Photographs of Frida Kahlo’s House Show Paint and Blood
See what Graciela Iturbide found in the legendary Casa Azul.
Intimate photographs taken in Frida Kahlo‘s private house in Mexico City reveal a string of personal objects stained with paint and blood. The poignant series was taken by Mexican photographer Graciela Iturbide, who won the prestigious Hasselblad Award in photography in 2008. Iturbide is one of the featured artists in the seventh season of “Art in the 21st Century,” PBS’s television series made in collaboration with art film producer Art21. The season kicks off on October 24 with the “Investigation” episode, in which Iturbide opens up about her experience documenting Frida Kahlo’s most intimate environment.
In 2005, the artist was granted a week permit to photograph Casa Azul (“Blue House”), Kahlo’s home-turned-museum in Mexico City, where she was born in 1907 and died in 1954. Iturbide immersed herself in Kahlo’s private rooms and bathroom, left intact since the artist’s death, documenting the personal objects she left behind: medical supplies, artificial limbs, corsets, stuffed animals, a blood-stained gown, and even her hot-water bottle. Often paint-soiled, the objects are testament to Kahlo’s inability to separate her private life from her artistic work, in which she found solace from her constant physical pain.
Despite her fierce and adventurous character, Kahlo spent long periods of her life bedridden, suffering from a series of crippling disabilities and ill health. The bathroom, thus, took a central place in Kahlo’s life. The artist did not only use it for practical purposes, but also as the setting for several of her works, including her famous bathtub painting What I saw in the Water (1938).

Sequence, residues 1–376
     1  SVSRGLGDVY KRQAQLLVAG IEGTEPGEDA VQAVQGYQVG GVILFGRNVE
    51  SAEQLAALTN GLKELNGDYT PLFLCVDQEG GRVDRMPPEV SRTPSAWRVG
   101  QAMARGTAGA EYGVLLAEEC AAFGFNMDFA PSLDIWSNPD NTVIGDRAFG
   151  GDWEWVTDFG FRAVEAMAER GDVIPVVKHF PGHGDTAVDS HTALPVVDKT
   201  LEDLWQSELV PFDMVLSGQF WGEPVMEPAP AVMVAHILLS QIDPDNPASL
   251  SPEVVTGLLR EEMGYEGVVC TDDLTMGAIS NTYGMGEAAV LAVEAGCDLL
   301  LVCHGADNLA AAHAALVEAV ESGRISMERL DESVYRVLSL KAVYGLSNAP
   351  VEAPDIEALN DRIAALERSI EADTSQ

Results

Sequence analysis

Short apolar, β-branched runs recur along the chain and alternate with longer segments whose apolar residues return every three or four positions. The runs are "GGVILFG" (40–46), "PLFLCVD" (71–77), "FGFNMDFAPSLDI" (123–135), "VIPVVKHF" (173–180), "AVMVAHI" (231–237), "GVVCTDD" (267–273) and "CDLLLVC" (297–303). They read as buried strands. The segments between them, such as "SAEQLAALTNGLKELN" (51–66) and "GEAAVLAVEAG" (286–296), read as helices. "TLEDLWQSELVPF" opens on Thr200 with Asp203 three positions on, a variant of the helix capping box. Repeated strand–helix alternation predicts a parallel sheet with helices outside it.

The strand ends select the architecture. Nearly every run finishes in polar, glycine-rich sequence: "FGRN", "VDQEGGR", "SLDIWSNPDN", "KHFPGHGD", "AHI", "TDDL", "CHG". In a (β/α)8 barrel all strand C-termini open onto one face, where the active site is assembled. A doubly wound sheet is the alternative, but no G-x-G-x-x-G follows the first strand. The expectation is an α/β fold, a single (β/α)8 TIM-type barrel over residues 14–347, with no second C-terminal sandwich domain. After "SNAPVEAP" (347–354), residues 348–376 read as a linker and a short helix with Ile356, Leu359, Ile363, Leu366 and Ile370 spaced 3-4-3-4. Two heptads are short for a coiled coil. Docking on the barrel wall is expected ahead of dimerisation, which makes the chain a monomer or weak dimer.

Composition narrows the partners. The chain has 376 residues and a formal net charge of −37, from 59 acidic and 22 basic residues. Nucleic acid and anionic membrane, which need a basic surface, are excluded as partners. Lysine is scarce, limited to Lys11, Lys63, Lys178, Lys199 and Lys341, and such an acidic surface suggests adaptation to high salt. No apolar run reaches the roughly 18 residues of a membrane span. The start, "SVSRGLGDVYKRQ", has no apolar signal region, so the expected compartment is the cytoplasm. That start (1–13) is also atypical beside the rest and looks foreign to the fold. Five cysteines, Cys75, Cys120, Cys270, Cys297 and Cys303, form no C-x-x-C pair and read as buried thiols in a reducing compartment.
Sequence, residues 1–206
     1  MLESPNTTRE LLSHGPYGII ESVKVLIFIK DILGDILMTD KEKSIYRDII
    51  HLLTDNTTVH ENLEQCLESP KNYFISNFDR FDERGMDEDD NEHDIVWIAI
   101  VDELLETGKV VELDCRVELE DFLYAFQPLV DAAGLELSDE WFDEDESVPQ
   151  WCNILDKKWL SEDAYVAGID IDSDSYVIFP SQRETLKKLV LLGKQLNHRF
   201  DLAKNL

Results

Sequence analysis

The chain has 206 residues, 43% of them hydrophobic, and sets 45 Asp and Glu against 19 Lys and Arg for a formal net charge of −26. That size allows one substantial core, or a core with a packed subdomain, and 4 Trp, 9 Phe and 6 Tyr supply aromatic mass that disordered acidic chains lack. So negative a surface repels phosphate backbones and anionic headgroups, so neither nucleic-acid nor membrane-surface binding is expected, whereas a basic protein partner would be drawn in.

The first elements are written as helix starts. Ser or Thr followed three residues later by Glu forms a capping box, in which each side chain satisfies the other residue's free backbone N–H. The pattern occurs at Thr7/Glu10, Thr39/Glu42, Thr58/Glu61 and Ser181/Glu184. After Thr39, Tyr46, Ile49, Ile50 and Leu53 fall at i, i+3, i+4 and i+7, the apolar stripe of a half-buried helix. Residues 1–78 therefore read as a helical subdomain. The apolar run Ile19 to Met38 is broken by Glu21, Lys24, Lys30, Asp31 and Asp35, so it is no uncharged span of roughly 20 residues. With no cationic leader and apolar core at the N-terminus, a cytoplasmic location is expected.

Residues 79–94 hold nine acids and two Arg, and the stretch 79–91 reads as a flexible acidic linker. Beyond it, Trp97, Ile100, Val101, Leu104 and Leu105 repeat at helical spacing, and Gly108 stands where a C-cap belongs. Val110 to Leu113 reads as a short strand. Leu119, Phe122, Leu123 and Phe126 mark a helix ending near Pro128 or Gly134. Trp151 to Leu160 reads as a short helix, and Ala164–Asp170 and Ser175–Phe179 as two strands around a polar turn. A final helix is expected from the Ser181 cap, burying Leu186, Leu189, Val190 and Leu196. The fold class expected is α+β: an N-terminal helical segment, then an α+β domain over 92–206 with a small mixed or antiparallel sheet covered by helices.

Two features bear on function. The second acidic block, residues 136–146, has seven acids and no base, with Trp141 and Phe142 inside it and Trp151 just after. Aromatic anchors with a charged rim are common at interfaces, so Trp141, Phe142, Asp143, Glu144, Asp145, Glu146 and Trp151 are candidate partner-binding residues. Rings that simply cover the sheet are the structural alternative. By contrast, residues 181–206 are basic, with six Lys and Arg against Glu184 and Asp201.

Iturbide returned to photograph Kahlo’s bathroom on one further occasion. After her first color series, which had a clear documentary slant, she went back to Kahlo’s Casa Azul in 2006 to take a series of black & white photographs, which offer a more personal and haunting look at the universe of the Mexican artist, ending with a re-enactment of What I saw in the Water. This series of 12 images was subsequently published as an artist book, published by ROSEGALLERY in 2008.
Iturbide doesn’t consider herself a “Frida-maniac.” “Despite her suffering, she painted,” Iturbide said. “And that’s what I admire.”
Follow Artnet News on Facebook:
Want to stay ahead of the art world? Subscribe to our newsletter to get the breaking news, eye-opening interviews, and incisive critical takes that drive the conversation forward.